Opinion: We are all invested in the freedom to read
|Published: 08-13-2023 8:00 AM
Summer Lopez, chief of PEN America’s Free Expression programs, spoke about book banning at the Monadnock Summer Lyceum in Peterborough on August 6. This column is adapted from her remarks, with a focus on bans as inherently undemocratic.
I expect we all agree that books are powerful for children. They can open the mind to new ideas, new possibilities, and also offer a sense of belonging.
Children who encounter a story that is different than their own can build empathy and understanding, and be better prepared to live in a diverse democracy. And by seeing themselves reflected in a book, young people can know they are not alone, whatever their experiences and emotions, and whatever aspects of their life or identity they may be grappling with.
For some children, books can be a lifeline; even a lifesaver.
This is why we should not see book bans simply as a concern for parents and teachers, but for all of us invested in the next generation of Americans, of citizens. Because the freedom to read is essential to our democracy.
The movement to ban books is inherently undemocratic, inflicting restrictions on all students and families based on the preferences of a few and banning books based on the ideas they contain.
And it is having multifaceted, harmful impacts: on the students who have a right to access a diverse range of stories and perspectives; on the educators and librarians who are operating in an increasingly punitive and threatening environment, unable to teach as they see fit; on the authors whose works are being targeted; and on parents who want to raise students in schools that remain open to curiosity, discovery, and the freedom to read.
Access to a diversity of books, ideas, stories, and perspectives is the basis of education in a democracy. Because in a democracy, ideas are not to be feared, but should be engaged with, considered, debated, challenged when necessary, and sometimes fought back against.
Even in the cases of ideas worth fighting — fascism, white nationalism – they must be understood first. Libraries across the U.S. have “Mein Kampf” on the shelf not because they espouse those beliefs, but because we know that hiding from the darkest aspects of humanity and history does not make them go away. In fact, it can imbue with them greater power.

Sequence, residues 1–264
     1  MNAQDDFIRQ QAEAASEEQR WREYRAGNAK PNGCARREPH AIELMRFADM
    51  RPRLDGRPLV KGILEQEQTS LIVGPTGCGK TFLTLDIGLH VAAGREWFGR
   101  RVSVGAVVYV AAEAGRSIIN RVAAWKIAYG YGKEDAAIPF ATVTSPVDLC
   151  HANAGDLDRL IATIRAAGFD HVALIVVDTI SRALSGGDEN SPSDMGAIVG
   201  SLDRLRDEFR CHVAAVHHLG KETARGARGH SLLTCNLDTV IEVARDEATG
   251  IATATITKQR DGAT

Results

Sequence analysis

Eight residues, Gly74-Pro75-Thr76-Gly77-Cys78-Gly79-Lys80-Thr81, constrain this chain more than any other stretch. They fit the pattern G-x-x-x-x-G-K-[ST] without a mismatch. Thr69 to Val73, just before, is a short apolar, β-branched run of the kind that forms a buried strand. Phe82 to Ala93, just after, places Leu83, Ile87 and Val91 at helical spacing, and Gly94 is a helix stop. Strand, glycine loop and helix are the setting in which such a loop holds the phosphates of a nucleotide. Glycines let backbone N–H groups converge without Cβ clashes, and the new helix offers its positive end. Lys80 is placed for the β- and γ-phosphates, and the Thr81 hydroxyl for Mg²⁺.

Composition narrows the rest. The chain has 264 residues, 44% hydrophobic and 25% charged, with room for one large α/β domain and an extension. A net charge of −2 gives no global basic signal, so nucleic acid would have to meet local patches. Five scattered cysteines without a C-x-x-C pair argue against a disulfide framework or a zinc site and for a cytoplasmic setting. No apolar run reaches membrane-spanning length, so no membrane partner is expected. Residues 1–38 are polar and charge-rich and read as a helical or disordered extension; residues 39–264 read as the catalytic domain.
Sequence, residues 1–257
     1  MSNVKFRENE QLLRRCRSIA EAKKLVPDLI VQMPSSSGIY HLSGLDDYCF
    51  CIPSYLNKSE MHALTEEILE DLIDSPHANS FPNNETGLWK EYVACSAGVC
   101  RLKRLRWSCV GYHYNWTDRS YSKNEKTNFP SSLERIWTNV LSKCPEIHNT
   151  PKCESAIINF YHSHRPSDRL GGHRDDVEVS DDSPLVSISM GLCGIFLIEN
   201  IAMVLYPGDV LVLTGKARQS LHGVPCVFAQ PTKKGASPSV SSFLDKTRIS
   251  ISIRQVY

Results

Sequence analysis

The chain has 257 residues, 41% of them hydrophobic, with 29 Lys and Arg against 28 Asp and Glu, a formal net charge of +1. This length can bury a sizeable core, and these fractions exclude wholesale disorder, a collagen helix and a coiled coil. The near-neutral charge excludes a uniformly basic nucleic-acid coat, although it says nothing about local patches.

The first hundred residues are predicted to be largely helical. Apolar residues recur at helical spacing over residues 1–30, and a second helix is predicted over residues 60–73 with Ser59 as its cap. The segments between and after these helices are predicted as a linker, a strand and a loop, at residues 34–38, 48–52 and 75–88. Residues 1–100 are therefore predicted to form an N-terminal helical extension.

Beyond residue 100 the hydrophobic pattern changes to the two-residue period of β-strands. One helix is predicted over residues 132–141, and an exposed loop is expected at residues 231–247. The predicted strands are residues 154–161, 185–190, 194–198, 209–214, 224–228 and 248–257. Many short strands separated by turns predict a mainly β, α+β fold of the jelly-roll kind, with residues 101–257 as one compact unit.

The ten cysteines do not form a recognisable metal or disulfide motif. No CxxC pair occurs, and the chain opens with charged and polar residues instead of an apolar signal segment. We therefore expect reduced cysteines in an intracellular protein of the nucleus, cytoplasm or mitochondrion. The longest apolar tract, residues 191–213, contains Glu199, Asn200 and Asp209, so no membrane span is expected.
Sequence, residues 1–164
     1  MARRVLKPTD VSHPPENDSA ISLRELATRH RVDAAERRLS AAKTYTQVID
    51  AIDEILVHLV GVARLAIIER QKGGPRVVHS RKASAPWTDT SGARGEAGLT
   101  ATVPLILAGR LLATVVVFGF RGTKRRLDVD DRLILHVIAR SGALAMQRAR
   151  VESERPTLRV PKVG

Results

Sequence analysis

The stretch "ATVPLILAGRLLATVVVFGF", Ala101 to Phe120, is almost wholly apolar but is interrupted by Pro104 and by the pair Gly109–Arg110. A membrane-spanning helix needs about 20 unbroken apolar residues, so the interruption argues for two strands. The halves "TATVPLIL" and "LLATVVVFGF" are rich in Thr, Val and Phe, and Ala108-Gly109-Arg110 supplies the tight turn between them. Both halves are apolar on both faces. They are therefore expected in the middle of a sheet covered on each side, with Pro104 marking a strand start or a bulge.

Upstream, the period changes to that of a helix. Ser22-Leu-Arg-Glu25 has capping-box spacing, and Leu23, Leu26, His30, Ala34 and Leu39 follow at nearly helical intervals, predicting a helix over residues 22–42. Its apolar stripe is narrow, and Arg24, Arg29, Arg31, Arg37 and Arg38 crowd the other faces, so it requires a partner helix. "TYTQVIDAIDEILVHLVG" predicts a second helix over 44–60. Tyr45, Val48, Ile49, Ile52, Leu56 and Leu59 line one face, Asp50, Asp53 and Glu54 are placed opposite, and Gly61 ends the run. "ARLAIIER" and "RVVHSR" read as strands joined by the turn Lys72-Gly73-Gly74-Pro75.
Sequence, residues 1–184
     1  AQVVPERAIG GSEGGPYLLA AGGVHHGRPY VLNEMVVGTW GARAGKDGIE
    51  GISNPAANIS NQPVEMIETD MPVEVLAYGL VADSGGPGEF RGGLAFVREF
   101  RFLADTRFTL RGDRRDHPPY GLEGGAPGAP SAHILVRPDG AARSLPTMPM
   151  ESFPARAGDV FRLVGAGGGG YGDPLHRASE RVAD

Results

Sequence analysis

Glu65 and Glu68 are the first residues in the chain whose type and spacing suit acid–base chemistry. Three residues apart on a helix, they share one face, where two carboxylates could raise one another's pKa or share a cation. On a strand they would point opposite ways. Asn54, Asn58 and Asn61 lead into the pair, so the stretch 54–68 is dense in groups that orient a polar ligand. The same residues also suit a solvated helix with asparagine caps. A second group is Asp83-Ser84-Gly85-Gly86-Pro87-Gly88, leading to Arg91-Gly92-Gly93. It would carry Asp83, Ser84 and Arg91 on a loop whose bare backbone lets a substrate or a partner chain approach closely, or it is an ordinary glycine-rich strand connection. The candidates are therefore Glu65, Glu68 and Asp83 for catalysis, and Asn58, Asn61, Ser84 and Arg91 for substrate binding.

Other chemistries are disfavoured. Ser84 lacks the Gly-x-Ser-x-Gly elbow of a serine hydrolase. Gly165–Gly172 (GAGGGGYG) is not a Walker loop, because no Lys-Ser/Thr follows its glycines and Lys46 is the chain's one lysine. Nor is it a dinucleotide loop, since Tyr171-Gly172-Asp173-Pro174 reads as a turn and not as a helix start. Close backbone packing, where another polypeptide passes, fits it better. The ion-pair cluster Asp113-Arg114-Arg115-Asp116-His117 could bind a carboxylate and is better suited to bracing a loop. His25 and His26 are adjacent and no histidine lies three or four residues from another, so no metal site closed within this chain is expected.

Books with outdated language and racial stereotypes such as “Uncle Tom’s Cabin” or “Gone with the Wind” are also on library shelves, as they should be. The right approach is to *teach* these books; to offer context and a critical eye, not to deny access. Hiding the world from children does not serve them.
We also know that book banning rarely happens in a vacuum. We already see that this is part of a larger effort to constrain the educational space in the U.S., to extend the hand of government to bar certain ideas from classrooms and libraries, and particularly to silence conversations about U.S. history, and the voices of people of color and LGBTQ+ people.
At PEN America we defend the freedom to write globally. We advocate on behalf of writers who are harassed and put in prison around the world because their words were deemed a threat to those in power. And we know that book banning is an authoritarian tactic; a tool of tyrants. It’s one we associate with Nazi Germany, Apartheid South Africa, and Putin’s Russia.
Last year, “Maus,” Art Spiegelman’s graphic novel about the Holocaust, based on his own family’s story, was banned in Tennessee. I wondered if PEN America had ever spoken about it being banned before, and in fact we had, after it was pulled from bookstores in Moscow in 2015. One of Putin’s tactics of repression and control has been to silence conversations about history that don’t fit his preferred narrative. He has put historians in prison for uncovering and telling the truth about the crimes of the Stalin era.
Much of what Governor Ron DeSantis has done in Florida, including the politicized takeover of the progressive, public liberal arts New College of Florida, follows the playbook of Hungary’s Viktor Orban, who banned gender studies and drove the Central European University out of the country altogether.
And Florida’s “don’t say gay” bill bears a striking resemblance to the so-called “gay propaganda” law that has been in place in Russia since 2013. Hungary too has a similar law, and they just levied a hefty fine on a bookstore chain for selling a graphic novel with LGBTQ+ themes in its youth section.
Authoritarians silence the most vulnerable voices first so that you might get used to it, but it’s highly unlikely to stop there. And authoritarians go after books and writers because words and stories are powerful. They allow people to imagine a different, better world.
So it’s essential that we push back against big bans; that we speak out in defense even of controversial books. You might not be sure if you would ever share a particular book with your own child, and that’s your right to decide, but every other parent has the right to make the same decision.
And children have the right to experience the joy of discovering books for themselves. Books are powerful; words are powerful. They would not be targeted by authoritarians around the world if they were not. That’s why we all have to stand up for the freedom to read, the freedom to write, the freedom to learn. In our communities, and our nation as a whole.
New Hampshire gave us the phrase “live free or die,” and what could be more fundamental to freedom than the right to choose what ideas to read about, what stories to hear, what concepts we agree with or disagree with? And to know that one’s own story is worth telling.]]>